ADIOS Development History

The following is a list of the changes that have been made to ADIOS since the release of Version 2 in December 2000.

Version 2.0.12 (August 2016)

  • Modified oil density and viscosity field printing to show ones at water temperature. Fixed dispersant percentage printing.

Version 2.0.11 (March 2016)

  • Rebuilt ADIOS2 (Windows) against the latest Microsoft Foundation Class (MFC) library (Microsoft Security Bulletin MS11-025).

Version 2.0.10 (February 2015)

  • Modified the emulsification constant for Eagle Ford shale oil.

Version 2.0.9 (January 2015)

  • Updated the oil library.

Version 2.0.8 (September 2014)

  • Modified total oil volume display for the Oil Budget graph (Y-axis scaling).

Version 2.0.7 (August 2014)

  • Removed quotation marks from oil names and descriptions for the Oil Selection dialog.

Version 2.0.6 (June 2014)

  • Fixed header formatting for Oil Property Sheets and Custom Oil dialogs.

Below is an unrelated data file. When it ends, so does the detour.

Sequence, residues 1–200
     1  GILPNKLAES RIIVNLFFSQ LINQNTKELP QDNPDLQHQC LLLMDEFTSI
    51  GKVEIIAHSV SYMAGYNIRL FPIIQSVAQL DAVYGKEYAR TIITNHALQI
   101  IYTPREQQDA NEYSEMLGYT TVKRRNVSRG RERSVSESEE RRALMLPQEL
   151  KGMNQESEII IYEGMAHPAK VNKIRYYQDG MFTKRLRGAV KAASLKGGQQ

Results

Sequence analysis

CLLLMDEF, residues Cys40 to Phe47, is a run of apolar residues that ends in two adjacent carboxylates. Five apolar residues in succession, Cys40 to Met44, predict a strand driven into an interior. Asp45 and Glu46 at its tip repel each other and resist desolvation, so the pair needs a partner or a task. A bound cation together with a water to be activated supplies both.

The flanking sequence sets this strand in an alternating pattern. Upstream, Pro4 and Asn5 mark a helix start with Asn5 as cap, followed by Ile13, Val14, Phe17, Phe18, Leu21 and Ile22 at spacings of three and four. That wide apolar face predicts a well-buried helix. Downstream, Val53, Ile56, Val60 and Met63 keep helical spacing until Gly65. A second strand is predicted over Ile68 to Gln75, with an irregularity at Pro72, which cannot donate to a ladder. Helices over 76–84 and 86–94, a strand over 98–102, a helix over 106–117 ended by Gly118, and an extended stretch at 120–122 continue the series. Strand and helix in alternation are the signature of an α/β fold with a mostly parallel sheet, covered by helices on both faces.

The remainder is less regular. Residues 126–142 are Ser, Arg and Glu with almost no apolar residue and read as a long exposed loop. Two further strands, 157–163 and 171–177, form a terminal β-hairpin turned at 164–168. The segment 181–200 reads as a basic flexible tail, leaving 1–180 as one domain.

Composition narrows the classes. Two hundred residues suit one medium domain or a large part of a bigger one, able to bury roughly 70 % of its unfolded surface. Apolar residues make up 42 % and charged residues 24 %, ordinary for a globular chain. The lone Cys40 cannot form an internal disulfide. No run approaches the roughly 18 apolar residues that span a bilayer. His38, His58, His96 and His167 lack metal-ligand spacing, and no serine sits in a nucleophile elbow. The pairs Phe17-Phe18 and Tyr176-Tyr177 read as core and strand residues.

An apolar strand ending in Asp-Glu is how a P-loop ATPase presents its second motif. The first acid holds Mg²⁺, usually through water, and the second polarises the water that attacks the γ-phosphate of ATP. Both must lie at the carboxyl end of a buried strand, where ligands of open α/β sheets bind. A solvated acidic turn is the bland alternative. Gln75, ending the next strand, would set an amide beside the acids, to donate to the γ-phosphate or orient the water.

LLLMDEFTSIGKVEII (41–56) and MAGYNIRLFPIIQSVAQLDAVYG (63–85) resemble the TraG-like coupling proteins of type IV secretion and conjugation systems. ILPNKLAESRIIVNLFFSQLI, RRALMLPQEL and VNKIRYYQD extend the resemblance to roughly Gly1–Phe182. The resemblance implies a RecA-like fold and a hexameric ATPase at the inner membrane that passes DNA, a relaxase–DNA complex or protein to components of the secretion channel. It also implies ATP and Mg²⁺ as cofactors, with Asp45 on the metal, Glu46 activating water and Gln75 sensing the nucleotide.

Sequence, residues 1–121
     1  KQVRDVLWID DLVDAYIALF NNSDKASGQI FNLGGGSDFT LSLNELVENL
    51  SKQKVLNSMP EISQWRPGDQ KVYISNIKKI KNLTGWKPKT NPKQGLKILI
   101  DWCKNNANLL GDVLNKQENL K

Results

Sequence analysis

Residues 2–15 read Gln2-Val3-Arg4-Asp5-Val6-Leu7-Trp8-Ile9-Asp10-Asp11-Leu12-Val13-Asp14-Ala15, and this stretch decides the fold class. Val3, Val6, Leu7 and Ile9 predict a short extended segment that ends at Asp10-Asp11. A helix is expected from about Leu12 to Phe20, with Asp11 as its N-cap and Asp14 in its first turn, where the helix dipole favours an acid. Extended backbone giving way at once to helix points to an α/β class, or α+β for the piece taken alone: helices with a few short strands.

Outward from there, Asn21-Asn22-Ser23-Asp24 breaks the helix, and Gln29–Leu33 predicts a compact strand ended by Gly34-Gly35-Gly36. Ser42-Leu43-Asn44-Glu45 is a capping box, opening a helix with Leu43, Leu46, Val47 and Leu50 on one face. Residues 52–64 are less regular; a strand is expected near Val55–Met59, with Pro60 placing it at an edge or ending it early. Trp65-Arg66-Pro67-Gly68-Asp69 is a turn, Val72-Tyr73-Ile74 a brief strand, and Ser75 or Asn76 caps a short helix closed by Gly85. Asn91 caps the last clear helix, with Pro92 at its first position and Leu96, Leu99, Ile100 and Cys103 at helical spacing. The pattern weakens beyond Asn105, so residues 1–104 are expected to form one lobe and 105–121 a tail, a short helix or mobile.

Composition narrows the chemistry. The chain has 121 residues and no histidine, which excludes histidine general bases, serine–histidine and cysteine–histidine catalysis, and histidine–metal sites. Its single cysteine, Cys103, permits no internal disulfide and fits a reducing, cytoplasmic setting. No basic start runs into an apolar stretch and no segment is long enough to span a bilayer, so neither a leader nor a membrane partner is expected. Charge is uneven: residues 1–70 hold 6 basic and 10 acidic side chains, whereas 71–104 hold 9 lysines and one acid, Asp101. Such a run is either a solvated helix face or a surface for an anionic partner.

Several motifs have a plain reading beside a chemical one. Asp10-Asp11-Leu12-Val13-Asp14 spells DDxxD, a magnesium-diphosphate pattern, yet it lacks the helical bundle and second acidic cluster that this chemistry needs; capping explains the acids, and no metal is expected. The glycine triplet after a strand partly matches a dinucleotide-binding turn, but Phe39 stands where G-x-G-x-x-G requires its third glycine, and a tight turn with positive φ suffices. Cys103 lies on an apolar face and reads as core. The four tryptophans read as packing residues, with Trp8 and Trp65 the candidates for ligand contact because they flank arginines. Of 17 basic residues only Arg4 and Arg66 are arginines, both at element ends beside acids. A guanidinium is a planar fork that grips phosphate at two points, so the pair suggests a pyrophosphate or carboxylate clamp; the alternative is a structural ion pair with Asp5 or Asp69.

Version 2.0.5 (April 2014)

  • Added new oils to the oil library.
  • Fixed bitmap placement bug for the Water Properties dialog.

Version 2.0.4 (November 2013)

  • Fixed minor interface bugs.
  • Created Windows MSI installer.

Version 2.0.3 - Adios2d (May 2011)

  • Added Select All/Copy functionality for the Oil Budget Table panel.

Version 2.0.2 – Adios2c (April 2011)

  • Added Slick Area output (file SlickArea.txt).

Version 2.0.1 (May 2009)

  • Installation package release based on Adios2y version.

Version Adios2y - Yasuo version (November 2004)

  • Added PC volume fraction output (file VolFrac.txt).

Version Adios2b (April 2004)

  • Added Oil Budget Table file saving.

Version 2.0 (December 2000)

The second generation of the Automated Data Inquiry for Oil Spills software, ADIOS2, contains several new options for inputting and calculating the oil leak rate from the source of the spill. The user may build and modify a custom library of specific oils, in addition to using the standard library. Many of the weathering algorithms have been improved and new processes, such as sedimentation and airborne benzene concentration estimations, have been added. There are new user inputs that allow decisions on the application of standard cleanup strategies, such as skimming (mechanical), in situ burning, and chemical dispersion. ADIOS2 now estimates the reliability of its output based on expected input uncertainty.
 

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